“IBOGAINE TESTING NOW!” Western Ibogaine activism around 1990 in transnational perspective
Around 1990, a vocal activism became visible in both the United States and Europe advocating the wider availability of Ibogaine treatment for opiate addicts. As a growing number of experts and drug users had been arguing since the 1960s, this strong psychedelic drug was a very promising cure for heroin dependency, The Ibogaine movement gained momentum during the 1970s and 1980s, fuelled by the spread of heroin use. Widespread media-attention and a public demonstration in New York in 1991 put Ibogaine firmly on the map.
This paper analyses the transnational Ibogaine activism of this period as an ‘embodied health movement’. This is a specific type of social movement that challenges existing medical/scientific knowledge and practice by introducing the embodied experience of people with health problems into the discourse – in this case, the experience of people suffering from heroin dependency.
The focus in the paper will be on self-help initiatives within the Ibogaine movement, such as the New York based International Coalition for Addict Self-Help (ICASH) and the Dutch organisation for Addict Self Help (DASH). The personal archive of one of DASH’s founders, Nico Adriaans, as well as relevant publications, will be used to shed light on the motivations, aims and impact of experienced experts in the embodied health movement around Ibogaine of the late 1980s and early 1990s.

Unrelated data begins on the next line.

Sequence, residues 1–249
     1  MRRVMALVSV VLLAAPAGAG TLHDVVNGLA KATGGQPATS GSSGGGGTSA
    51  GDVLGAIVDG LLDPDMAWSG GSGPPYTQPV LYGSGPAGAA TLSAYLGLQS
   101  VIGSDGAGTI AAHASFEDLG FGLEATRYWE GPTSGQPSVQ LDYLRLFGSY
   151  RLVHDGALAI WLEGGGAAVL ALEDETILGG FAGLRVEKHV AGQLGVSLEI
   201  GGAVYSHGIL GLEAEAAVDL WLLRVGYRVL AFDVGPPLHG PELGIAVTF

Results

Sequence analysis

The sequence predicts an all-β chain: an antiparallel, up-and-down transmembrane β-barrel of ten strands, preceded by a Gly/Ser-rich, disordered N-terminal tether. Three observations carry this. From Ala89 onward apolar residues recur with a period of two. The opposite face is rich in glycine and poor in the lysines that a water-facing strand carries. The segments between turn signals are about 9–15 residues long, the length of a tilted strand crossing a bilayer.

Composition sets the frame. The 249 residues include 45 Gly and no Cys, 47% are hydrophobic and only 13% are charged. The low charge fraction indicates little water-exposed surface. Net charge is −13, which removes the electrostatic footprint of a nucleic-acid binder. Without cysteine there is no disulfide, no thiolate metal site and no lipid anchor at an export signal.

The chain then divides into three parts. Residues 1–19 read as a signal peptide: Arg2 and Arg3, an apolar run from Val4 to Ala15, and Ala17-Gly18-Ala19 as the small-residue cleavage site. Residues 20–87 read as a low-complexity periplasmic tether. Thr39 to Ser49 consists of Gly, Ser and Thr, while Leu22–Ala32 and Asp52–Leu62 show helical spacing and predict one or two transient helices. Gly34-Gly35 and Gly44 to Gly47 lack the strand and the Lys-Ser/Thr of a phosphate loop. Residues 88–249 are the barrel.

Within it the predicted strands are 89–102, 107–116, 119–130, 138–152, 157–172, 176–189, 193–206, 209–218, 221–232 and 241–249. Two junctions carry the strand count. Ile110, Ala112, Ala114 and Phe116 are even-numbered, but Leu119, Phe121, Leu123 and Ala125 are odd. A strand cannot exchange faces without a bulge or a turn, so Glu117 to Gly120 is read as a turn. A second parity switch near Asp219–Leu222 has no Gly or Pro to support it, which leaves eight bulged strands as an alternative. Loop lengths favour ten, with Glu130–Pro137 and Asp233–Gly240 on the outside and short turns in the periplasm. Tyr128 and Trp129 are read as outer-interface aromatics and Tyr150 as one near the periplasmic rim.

Gemma Blok (1970) is a specialist in the history of mental health care, social movements in mental health and the history of alcohol and drug use, with a particular expertise in Dutch history. She received her PhD in 2004 for a dissertation on the impact of the antipsychiatry movement in the Netherlands. From 2005-2009 she conducted a postdoctoral research on the history of Dutch addiction treatment. From 2009 onwards she has taught Dutch history at the University of Amsterdam, before her appointment as professor in Modern History at the Open University of the Netherlands in 2017. Her current interests focus on the social and cultural histories of alcohol and drugs in the modern period.